Longtime Resident Business Preservation Amendment Act of 2019 by Councilmember Charles Allen

  • grants up to $1.5 million or low-interest loans up to $2 million for repair or replacement of historic signs and facades or heavy equipment, other capital improvements, and operating costs and approved by the Department of Small and Local Business Development;
  • rent stabilization payments of up to 10 percent of the average commercial rent for the census tract, if the longtime business is at a substantial risk of displacement.

This was inspired by a legacy business program in San Francisco. The District started a similar grant program this year, but this legislation would greatly expand the eligible businesses and the benefits provided. It would create a fund to provide the capital for grants and loans.

The bill was co-introduced by Councilmembers McDuffie, Todd, Evans, Robert White, Nadeau, Trayon White, Bonds, and Cheh. The bill was co-sponsored by Councilmembers Silverman and Grosso.

Protecting Local Area Commercial Enterprises (P.L.A.C.E.) Amendment Act of 2019 or the ‘Affordable PLACE Act’ [B23-432] by Councilmember Kenyan McDuffie

Today, Councilmember Kenyan R. McDuffie, Chair of the Committee on Business and Economic Development introduced the The bill supports both legacy and small local businesses by providing technical and financial assistance, incentivizing landlords to enter into or renew leases with legacy businesses, and creating protections to commercial tenants as they negotiate their leases. The legislation would:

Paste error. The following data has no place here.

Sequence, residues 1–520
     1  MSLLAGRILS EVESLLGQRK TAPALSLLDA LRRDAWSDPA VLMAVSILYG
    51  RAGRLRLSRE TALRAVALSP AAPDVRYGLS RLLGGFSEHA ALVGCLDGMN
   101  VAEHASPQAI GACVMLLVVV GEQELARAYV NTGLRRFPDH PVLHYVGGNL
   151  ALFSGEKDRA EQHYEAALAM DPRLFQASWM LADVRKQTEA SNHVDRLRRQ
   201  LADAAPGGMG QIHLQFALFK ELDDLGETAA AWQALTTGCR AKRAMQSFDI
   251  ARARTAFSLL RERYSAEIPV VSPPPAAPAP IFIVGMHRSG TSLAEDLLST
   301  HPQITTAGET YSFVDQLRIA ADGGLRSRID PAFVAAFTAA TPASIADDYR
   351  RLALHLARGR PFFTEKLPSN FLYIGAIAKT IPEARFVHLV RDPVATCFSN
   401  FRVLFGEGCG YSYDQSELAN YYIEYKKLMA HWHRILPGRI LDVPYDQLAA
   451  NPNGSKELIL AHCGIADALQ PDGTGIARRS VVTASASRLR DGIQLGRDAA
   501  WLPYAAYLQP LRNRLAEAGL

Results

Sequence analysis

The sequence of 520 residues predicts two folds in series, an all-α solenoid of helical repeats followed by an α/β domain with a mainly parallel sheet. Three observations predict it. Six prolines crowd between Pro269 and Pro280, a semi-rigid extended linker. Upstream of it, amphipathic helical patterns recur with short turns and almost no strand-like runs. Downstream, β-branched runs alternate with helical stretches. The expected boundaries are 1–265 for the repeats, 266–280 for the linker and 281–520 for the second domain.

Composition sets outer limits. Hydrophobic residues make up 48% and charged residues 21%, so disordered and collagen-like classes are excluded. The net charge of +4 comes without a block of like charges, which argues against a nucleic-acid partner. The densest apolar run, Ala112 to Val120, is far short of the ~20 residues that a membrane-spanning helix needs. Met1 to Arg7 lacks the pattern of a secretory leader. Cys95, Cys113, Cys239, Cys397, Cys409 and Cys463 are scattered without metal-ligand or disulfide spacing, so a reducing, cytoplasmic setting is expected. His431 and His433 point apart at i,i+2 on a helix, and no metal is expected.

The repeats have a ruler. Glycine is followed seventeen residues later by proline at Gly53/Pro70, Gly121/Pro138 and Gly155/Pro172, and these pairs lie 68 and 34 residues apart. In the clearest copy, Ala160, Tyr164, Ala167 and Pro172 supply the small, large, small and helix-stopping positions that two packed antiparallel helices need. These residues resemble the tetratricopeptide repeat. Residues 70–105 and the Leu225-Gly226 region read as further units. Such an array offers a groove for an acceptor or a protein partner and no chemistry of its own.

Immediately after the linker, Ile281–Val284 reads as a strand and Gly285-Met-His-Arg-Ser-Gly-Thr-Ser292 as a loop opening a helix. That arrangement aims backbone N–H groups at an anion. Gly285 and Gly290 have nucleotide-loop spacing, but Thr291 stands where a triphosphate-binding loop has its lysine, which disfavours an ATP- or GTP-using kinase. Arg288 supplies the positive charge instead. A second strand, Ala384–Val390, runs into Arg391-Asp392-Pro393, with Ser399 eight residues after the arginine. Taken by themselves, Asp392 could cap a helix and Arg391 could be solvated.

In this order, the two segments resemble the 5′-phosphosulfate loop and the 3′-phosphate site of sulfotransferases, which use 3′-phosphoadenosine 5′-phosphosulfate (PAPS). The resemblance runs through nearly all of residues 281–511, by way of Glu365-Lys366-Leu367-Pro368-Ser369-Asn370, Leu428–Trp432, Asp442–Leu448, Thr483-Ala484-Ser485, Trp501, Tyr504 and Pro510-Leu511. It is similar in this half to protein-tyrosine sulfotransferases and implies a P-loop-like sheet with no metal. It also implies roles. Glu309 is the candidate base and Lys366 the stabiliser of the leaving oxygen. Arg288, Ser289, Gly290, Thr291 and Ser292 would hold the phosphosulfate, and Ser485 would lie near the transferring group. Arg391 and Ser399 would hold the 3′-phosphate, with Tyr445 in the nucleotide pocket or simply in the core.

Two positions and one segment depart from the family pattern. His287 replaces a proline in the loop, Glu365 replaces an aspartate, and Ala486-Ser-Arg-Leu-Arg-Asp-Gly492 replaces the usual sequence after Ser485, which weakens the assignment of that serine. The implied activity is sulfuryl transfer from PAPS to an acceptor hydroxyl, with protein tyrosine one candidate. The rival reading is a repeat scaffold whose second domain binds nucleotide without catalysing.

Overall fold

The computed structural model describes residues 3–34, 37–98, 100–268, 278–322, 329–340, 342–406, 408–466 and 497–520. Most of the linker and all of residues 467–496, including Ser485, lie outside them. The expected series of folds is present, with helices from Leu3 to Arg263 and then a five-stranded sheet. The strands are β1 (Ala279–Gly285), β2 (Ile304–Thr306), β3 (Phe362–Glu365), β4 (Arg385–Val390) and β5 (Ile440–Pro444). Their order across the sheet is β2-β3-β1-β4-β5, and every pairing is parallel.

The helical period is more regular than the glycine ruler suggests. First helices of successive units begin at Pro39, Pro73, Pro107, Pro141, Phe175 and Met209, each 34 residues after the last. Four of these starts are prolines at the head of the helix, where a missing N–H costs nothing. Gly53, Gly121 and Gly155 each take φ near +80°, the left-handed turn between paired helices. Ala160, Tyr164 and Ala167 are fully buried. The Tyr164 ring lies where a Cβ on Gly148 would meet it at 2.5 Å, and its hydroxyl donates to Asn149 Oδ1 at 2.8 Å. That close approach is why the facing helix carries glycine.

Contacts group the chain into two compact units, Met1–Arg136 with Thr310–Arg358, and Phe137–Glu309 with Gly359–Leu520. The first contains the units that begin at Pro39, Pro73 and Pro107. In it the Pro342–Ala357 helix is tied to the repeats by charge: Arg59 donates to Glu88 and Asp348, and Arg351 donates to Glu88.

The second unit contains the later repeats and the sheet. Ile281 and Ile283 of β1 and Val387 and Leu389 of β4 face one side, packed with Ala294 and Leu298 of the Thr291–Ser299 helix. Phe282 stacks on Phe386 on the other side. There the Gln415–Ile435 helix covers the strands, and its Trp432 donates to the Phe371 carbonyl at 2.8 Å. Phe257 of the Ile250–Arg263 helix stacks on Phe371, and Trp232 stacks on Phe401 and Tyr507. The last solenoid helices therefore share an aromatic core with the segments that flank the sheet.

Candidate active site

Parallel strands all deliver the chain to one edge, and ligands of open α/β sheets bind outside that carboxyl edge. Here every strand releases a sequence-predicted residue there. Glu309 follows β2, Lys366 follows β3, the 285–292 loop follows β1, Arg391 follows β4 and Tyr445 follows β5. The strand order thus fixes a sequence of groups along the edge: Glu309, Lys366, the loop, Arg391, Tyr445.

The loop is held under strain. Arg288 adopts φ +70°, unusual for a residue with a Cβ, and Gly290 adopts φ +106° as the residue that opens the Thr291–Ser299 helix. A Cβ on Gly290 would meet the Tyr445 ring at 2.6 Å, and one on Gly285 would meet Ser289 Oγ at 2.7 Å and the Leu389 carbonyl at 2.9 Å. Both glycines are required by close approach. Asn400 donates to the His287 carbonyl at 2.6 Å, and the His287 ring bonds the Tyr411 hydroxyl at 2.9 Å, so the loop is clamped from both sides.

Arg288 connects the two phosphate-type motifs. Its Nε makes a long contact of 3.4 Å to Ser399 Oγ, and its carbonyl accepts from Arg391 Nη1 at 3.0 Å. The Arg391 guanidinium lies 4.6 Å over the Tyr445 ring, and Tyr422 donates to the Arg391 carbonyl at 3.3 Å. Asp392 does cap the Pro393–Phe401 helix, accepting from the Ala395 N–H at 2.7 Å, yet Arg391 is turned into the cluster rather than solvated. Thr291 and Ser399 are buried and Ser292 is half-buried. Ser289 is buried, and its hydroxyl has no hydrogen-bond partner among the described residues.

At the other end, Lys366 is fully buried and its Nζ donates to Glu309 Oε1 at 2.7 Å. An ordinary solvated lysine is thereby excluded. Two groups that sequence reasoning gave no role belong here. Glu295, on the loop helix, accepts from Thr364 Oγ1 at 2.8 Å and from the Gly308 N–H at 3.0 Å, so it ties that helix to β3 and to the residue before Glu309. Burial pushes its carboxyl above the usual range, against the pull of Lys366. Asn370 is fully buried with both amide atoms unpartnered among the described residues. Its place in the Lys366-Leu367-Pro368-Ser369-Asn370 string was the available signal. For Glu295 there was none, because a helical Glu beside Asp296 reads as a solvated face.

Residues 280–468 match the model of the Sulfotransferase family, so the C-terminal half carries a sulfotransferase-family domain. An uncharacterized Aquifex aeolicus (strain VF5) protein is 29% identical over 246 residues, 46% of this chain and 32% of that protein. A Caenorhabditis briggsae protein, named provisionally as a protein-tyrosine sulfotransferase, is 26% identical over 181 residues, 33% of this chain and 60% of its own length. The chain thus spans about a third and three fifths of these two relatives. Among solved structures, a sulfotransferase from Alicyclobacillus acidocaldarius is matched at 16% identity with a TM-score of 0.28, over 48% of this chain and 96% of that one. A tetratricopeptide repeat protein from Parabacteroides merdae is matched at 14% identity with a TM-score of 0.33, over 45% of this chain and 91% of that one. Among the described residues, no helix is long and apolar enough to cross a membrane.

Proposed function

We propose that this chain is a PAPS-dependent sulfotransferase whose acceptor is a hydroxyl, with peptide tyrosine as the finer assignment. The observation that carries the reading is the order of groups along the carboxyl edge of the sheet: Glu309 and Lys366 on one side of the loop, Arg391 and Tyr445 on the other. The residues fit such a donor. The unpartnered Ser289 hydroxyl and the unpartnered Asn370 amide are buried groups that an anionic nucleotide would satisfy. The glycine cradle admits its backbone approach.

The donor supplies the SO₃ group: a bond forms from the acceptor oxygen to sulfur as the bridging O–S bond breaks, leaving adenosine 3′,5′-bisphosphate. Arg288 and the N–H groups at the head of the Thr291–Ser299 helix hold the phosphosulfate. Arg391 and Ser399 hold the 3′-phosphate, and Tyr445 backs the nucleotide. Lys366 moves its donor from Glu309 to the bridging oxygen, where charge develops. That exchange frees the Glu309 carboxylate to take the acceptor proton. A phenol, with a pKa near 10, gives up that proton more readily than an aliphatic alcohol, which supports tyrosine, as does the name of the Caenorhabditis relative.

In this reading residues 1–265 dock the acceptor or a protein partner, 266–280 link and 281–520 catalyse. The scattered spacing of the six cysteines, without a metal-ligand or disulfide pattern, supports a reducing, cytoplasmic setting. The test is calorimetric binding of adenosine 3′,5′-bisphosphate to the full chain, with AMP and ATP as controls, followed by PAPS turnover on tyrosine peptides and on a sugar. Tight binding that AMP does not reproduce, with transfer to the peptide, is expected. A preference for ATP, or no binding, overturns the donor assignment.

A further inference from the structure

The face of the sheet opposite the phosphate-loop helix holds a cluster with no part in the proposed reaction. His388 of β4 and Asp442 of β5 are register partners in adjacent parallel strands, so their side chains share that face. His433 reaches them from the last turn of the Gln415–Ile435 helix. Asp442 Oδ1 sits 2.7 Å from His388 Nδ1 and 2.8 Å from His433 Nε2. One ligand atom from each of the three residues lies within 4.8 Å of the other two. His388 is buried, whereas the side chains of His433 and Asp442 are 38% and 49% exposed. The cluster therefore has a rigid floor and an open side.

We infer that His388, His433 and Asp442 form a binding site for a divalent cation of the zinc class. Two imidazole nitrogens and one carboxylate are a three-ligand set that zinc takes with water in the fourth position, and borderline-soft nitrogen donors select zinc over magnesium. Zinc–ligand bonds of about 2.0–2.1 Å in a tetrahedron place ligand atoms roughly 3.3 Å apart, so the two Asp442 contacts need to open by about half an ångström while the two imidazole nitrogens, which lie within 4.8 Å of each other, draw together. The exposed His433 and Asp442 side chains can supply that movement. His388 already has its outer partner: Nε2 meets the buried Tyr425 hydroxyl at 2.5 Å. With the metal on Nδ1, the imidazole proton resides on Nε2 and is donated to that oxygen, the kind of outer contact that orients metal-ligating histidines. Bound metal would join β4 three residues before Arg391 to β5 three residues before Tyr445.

• Establish the Legacy Business Program within the Department of Small and Local Business Development (DSLBD).
  • Authorize DSLBD to issue grants to legacy businesses of up to $50,000 per year.
  • Provide an opportunity for landlords to apply for a tax abatement provided they enter into a lease with a an eligible small business.
  • Pays for the program by directing any revenue collected by the Discount Fee to be directed to the Legacy Business Program rather than to the general fund.


High School Is a Waste of Time and College Is a Scam…Unless You Have Study Skills 

WASHINGTON (February 18, 2019) – Parents struggling to find ways to ensure their child is armed with the necessary skills to succeed in college have a new resource to avoid any costly academic crises. Published by Rowman & Littlefield, This Book Will Not Be on the Test: The Study Skills Revolution, is part on-the-ground college insider tell-all memoir and part study skills Bible backed by cognitive and educational psychology.